In section 4 of Chapter 2 we noted a wide range of ideas connected with a broad notion of fraternity which often appeared in the rhetoric, and indeed sometimes the argument, supporting mixed ability grouping. We suggested there that this cluster of ideas, though often confiated with ideas of equality and social justice, was actually about something else more to do with a positive valuing of social integration and feelings of community as things to be approved of in their own right. Thus, as we pointed out, segregation of pupils into groups based upon specific abilities was seen by some teachers as deplorable, not solely because such differentiation represented the injustice of unjustifiably different treatment, but simply because it acted to support social divisiveness and against the possibility of social cohesiveness and mutually supportive co-operation. Sometimes this idea is part of a wider socio-political spectrum in which present-day society is seen as damagingly competitive, divisive and alienating, and educational arrangements of a comprehensive school and mixed ability grouping kind are seen as means of combating this state of affairs. The quotations from Crosland given in Chapter 2 appear to embrace this range of considerations. Here was at least one protagonist plainly concerned to break down divisions between schools, and within them, with the avowed object of breaking down the divisions of social class in the wider society. Social philosophers, too, have valued the idea of fraternity. We noted in the last chapter, when discussing John Rawls's criticism of the idea of equality of opportunity, that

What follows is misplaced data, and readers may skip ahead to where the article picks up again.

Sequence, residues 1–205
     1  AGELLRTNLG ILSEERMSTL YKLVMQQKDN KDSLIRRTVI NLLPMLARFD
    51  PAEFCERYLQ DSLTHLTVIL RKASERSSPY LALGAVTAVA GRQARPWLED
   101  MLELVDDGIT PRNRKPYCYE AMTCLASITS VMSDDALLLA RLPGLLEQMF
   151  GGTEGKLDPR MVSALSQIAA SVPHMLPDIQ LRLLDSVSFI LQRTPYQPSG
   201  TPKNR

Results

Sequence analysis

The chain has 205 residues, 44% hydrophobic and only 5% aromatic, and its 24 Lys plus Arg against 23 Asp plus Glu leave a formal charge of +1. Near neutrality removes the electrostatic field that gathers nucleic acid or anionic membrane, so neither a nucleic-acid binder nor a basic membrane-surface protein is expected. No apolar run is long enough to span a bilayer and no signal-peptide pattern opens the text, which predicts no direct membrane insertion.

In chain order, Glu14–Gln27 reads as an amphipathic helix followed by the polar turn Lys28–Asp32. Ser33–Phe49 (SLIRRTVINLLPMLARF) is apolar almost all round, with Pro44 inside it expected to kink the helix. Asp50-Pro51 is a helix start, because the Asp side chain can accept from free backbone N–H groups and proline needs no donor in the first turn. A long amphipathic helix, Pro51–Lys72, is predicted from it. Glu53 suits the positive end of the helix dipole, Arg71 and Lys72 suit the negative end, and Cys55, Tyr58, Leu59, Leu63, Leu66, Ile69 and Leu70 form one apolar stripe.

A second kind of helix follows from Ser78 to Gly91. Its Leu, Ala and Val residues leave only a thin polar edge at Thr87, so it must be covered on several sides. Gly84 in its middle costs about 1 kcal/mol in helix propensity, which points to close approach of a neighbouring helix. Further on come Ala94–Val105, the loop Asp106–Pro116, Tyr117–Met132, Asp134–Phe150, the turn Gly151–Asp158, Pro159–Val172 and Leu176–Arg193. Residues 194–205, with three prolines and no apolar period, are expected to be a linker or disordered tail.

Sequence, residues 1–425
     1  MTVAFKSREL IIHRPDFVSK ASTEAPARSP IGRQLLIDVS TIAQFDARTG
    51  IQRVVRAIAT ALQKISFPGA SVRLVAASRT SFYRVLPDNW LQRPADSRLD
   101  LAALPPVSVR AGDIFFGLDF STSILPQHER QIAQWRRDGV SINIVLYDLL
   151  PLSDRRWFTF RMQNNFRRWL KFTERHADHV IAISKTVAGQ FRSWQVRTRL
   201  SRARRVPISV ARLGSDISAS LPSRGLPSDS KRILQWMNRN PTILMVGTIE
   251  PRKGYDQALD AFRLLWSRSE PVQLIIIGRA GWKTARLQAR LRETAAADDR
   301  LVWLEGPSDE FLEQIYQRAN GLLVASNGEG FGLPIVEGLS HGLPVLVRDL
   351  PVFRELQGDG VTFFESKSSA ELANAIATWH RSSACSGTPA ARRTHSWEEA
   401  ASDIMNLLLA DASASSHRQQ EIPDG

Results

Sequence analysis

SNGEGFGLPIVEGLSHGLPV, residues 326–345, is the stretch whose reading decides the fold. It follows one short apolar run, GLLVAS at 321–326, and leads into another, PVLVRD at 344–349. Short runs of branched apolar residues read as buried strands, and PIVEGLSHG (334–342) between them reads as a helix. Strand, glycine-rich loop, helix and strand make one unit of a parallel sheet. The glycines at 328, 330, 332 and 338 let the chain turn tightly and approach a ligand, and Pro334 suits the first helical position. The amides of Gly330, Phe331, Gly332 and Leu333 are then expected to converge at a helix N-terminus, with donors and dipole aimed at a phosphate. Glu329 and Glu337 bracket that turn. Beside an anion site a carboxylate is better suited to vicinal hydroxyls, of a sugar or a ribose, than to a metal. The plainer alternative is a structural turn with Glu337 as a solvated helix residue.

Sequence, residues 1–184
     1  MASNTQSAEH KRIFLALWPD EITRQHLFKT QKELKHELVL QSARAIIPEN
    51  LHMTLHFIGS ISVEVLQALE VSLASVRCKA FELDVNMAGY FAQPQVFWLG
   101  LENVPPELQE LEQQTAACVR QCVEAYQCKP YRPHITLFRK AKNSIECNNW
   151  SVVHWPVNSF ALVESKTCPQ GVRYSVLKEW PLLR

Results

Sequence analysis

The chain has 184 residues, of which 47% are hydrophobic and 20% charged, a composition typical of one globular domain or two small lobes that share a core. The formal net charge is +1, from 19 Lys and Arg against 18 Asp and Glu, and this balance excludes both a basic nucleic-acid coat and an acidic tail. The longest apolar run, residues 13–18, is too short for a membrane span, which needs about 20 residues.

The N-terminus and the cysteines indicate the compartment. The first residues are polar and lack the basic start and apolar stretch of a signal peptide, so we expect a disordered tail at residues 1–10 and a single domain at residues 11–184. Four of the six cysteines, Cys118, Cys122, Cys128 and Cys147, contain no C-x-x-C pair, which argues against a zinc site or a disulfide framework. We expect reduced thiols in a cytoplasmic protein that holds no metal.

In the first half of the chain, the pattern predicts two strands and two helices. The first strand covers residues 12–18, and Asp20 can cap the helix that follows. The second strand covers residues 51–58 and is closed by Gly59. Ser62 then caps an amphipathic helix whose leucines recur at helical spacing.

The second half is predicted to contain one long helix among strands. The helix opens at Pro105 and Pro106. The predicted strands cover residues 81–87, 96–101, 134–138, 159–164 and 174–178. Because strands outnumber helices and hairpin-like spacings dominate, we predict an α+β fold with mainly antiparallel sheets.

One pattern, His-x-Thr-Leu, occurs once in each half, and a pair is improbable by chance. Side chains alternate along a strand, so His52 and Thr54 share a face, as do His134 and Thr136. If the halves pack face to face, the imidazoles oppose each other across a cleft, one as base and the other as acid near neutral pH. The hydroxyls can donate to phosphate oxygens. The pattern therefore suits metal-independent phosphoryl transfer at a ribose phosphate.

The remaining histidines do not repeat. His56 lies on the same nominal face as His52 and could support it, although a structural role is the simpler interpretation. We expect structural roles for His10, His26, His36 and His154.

such an idea was indeed to be criticised precisely because it acted against the idea of fraternity by making a fraternal society more difficult to achieve.